GoBoeing From United States of America, joined Jun 2000, 2682 posts, RR: 14
Reply 1, posted (8 years 5 months 3 weeks 6 days 8 hours ago) and read 3240 times:
They are on strike.
A lot of their flying is for CRAF though, and they still will fly the CRAF flights (troops in airliners). Their training department is also on strike, however, so the number of current pilots who can fly the planes will gradually decrease.
Laxintl From United States of America, joined May 2000, 24805 posts, RR: 46
Reply 2, posted (8 years 5 months 3 weeks 6 days 7 hours ago) and read 3223 times:
From the World pilot union;
TALKS BETWEEN WORLD AIRWAYS PILOTS AND COMPANY FAIL
COMPANY REFUSED TO BARGAIN IN GOOD FAITH ON JOB SECURITY
WASHINGTON, DC –Jan.28th– The Negotiating Committee for the pilots of World Airways report that early this morning the talks between themselves and World Airways under the auspices of the National Mediation Board (NMB) have failed and that the parties are release to self-help.
“We have spent the entire week bargaining in good faith with the company while protecting the future of our pilots,” said Captain Luis Carmona, Executive Council Chairman of the World Airways Pilots’ union. “But World Airway’s management refuses to understand or comprehend how important job security is to this pilot group.”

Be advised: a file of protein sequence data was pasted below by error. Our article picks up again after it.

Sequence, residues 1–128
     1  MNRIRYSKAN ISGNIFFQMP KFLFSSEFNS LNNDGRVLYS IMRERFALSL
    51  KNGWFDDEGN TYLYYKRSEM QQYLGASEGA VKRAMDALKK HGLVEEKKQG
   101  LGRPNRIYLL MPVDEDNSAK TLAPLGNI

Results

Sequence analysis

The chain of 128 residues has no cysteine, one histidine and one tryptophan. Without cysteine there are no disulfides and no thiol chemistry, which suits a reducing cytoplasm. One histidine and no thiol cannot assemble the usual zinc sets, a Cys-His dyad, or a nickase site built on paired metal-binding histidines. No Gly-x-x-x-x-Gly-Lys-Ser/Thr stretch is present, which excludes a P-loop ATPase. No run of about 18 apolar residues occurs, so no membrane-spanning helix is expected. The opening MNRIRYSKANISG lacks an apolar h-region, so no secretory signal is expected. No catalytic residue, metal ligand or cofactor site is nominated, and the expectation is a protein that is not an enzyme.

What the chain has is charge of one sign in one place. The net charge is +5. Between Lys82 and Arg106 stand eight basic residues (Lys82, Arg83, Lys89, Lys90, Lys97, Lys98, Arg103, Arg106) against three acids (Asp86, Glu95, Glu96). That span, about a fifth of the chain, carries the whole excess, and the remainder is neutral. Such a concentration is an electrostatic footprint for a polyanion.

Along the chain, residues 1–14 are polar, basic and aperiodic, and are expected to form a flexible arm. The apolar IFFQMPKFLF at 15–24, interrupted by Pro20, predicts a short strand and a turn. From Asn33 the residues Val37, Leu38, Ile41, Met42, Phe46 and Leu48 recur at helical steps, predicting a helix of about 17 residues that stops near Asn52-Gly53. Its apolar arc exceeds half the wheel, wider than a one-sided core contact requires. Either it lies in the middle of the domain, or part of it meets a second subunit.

The Negotiating Committee had met with World Airways management past the 12:01 AM deadline in order to give the company additional time; however their final offer was in principal no different from their last offer coming into the meetings.
““Regretfully, the committee was forced to reject the company’s proposal and take our members into self-help,” said Captain Mark Ohlau, World Airways Pilots Negotiation Committee. “The Strike Committee has implemented the plan drafted for this contingency and work stoppage is underway. As of 0230 EST, our crewmembers are officially on strike against World Airways.”
The unresolved issues in addition to job security are adequate medical and life insurance and genuine compensation increases—not those that are negated by increased benefit costs. The parties have been negotiating a new contract since June 2003, when the pilots’ current collective bargaining agreement became amendable.